In this hectic, noisy holiday season, we could all use some calm and peace.

A new production at Moline’s Black Box Theatre (1623 5th Ave.) provides that. The hour-long, intermission-less “All Is Calm” reflects the remarkable true story of the World War I Western Front (near Ypres, Belgium), on Christmas Eve, 1914. Out of the violence — a silence, then a song.

The “All Is Calm” cast features (L-R) Jorge Mende, Don Faust, Phillip Tunnicliff, Daniel Williams, and Kirsten Myers.

A German soldier steps into No Man’s Land singing “Stille Nacht” (“Silent Night”). Thus begins an extraordinary night of camaraderie (among British and German soldiers), music, and peace. The Black Box Theatre presents the a-capella piece (no accompaniment) opening on Thursday, Dec. 8 and running through the 17th.

The show features Phil Tunnicliff, Ben Gougeon, Daniel Williams, Thayne Lamb, Don Faust, Drew DeKeyrel, Kirsten Myers, Vaughn Myers and Jorge Mendez, with musical direction by Ron May.

Lora Adams, the Black Box co-founder, staged and designed the production with Roger Pavey, Jr. creating the light design. “This is a very unique evening of theatre and tells a remarkable true story of Christmas Eve 1914,” Adams said recently. “With all of the holiday concerts, it was difficult to find men to audition, but I am so pleased that my cast is so enthusiastic about telling this story.

BBT co-founder Lora Adams is director of “All Is Calm.”

“I’m particularly blessed that Ron May came on board as the music director. This is a difficult piece and he’s the man to make it happen,” she said.

In a 2018 review, The New York Times wrote that “All Is Calm” is a “staunchly apolitical and warily genteel work. The descriptions of battle are restrained, the poetic excerpts polite. The Western Front seems a very decent sort of place, no blown out brains or trenchfoot here.

“The moral — that if we could only see each other as people, as singers in the same song, war would cease — is unimpeachable and very nice. But a century later, does heavenly peace feel any closer?” the review said.

Starting on Christmas Eve 1914, small pockets of French, German, Belgian and British troops held impromptu cease-fires across the Western Front, with reports of some on the Eastern Front as well, according to History.com. Some accounts suggest a few of these unofficial truces remained in effect for days.

For those who participated, it was a welcome break from the hell they had been enduring. When the war had begun just six months earlier, most soldiers figured it would be over quickly and they’d be home with their families in time for the holidays. Not only would the war drag on for four more years, but it would prove to be the bloodiest conflict ever up to that time.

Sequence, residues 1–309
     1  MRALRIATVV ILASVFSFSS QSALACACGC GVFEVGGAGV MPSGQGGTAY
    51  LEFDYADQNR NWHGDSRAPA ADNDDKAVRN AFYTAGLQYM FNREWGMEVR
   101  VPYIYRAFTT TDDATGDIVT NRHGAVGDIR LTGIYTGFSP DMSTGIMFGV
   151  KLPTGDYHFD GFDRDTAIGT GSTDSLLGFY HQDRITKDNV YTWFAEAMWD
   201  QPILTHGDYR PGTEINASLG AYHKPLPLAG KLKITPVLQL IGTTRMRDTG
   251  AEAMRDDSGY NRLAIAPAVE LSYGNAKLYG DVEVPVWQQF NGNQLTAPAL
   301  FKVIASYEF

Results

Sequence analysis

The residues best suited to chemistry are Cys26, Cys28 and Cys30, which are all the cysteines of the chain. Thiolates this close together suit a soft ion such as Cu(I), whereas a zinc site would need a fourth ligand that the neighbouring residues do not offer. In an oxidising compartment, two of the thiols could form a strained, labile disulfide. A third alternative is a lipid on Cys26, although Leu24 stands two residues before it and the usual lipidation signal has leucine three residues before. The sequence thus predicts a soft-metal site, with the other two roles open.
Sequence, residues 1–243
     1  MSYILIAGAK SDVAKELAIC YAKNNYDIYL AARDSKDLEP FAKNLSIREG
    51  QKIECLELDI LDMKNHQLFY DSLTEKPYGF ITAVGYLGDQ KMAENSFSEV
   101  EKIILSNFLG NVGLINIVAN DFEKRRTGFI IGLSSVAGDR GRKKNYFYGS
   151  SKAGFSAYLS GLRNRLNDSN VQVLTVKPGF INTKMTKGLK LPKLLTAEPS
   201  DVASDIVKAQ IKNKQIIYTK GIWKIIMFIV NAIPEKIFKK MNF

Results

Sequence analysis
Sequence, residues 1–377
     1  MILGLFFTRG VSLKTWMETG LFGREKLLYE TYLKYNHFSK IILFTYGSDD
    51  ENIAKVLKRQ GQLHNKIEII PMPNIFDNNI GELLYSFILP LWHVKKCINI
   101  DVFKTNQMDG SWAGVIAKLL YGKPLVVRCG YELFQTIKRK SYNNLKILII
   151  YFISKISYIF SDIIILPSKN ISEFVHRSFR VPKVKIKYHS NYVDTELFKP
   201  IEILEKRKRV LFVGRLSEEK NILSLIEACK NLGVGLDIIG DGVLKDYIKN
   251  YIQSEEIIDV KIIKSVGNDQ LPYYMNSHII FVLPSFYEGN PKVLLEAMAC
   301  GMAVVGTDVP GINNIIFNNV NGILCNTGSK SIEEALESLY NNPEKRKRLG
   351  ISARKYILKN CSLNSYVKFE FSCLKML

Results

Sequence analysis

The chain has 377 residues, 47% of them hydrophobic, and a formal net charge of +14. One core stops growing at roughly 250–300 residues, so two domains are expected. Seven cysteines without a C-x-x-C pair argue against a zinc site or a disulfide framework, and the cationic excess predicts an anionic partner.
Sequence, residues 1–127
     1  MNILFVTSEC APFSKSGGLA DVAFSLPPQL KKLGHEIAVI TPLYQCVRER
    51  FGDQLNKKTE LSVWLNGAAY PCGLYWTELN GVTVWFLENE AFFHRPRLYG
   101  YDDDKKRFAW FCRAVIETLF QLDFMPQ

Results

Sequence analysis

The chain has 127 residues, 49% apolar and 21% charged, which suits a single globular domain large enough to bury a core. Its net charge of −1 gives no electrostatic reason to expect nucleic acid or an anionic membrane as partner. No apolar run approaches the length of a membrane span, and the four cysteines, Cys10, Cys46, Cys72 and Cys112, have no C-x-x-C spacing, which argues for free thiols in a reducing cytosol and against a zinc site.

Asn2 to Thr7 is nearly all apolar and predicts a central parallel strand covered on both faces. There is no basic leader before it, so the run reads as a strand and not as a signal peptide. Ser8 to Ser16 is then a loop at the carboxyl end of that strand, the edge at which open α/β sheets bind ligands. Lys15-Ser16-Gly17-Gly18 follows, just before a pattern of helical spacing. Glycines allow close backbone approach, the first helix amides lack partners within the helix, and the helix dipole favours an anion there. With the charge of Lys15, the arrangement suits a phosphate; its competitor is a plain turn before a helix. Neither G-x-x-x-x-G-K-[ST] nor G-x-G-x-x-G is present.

Some 8.5 million soldiers died as a result of wounds and/or disease in World War I.

Nine men, all humanity

“All Is Calm” music director Ron May said Monday: “We don’t know exactly how much singing was there; we just know that they met and sang carols.” The nine characters in the show represent 39 soldiers who gathered during the Christmas truce.

Ron May is music director for “All Is Calm.”

What they sang ranged from “It’s a Long Way to Tipperary” through Christmas carols and they ended with “Auld Lang Syne.”

The script quotes a solider saying this truce was extraordinary, that two opposing nations were both singing the same carol in the middle of a war.

“It’s very simple, but extremely moving,” May said of the show. Even with the challenges of so many holiday concerts and shows happening in the area, Black Box was able to find “nine talented gentlemen to put it together and it’s been a wonderful process,” he said. 

The arrangement of “Silent Night” (from which the show title is taken) is stunning, May said.

“It starts with a German soldier beginning it in German,” he said, noting it begins simply, grows more layered, rich and complex, and then ends simply again.

“And then they all join in little by little and then at one point, someone sings it in English,” May said. “There’s a little narration of what the soldiers were doing at the time. So one of the actors will step forward while the singing is going on and describe the scene from his journal entry.”

He hopes audiences will absorb its message of not only peace and compassion at the holidays, but the need for it all year long.

“Not just politically speaking, but we’re so fractured in our society these days, and one could go on and on to explain why that happened. But the point of this particular show is that here are two opposite people fighting each other, two groups of people killing each other,” May said. 

“And yet they find a moment to forget all about that. And their common humanity comes out, they sing Christmas carols. They forget about the tensions and the hatred and the violence and magic happens,” he said. “For me, what I would hope the audience would gather from this particular story, it’s not just a Christmas message of peace, but it’s a message that we can all take out into our own world and say, ‘why are we so divided?’ 

“We have such commonality that brings us together. That’s more important,” May said.

Cast member Ben Gougeon posted recently on Facebook: “Centered around WWI soldiers on both sides of the trenches stopping the war to celebrate Christmas in 1914, it’s a beautiful story with beautiful music. It’s been a really poignant show to work on, and can’t wait to share it with you all.”

Performances will be at 7:30 p.m. Dec. 8, 9, 10, 15 and 17, and Dec. 11 at 2 p.m. The show will not be performed on the 16th as Wisenheimer, long-form improv will be taking over the stage.

Tickets are $16, available at the Black Box website.